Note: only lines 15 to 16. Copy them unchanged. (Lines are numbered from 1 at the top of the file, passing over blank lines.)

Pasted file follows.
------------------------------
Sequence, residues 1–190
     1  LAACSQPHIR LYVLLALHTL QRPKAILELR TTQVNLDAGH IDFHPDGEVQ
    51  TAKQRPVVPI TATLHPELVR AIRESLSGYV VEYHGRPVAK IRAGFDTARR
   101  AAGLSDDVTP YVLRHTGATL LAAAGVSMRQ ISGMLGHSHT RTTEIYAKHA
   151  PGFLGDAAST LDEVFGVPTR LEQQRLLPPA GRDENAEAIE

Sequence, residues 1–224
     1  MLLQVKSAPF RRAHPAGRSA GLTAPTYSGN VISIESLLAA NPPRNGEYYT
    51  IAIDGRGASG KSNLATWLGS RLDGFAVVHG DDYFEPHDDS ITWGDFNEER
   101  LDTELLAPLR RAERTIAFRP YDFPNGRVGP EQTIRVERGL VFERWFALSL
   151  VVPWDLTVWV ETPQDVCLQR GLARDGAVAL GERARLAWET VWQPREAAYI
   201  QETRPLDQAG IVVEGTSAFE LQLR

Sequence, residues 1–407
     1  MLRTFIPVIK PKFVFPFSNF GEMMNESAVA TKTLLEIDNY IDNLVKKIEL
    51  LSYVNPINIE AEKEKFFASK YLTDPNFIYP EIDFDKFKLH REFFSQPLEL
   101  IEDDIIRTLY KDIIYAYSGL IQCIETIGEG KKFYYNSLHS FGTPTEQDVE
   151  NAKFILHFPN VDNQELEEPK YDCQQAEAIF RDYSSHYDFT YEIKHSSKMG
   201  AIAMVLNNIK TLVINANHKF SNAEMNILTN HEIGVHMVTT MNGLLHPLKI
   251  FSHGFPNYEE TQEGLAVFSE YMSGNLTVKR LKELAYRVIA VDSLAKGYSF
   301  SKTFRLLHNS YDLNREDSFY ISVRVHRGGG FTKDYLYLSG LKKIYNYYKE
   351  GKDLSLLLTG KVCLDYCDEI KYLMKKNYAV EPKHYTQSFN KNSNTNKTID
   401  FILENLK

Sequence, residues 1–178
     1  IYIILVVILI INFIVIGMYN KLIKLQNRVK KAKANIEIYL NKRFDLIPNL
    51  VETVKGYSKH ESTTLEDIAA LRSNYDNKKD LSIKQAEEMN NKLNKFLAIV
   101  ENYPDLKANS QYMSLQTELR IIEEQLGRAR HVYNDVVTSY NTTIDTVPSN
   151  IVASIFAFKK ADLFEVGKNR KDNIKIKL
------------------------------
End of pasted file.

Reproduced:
   101  IEDDIIRTLY KDIIYAYSGL IQCIETIGEG KKFYYNSLHS FGTPTEQDVE
   151  NAKFILHFPN VDNQELEEPK YDCQQAEAIF RDYSSHYDFT YEIKHSSKMG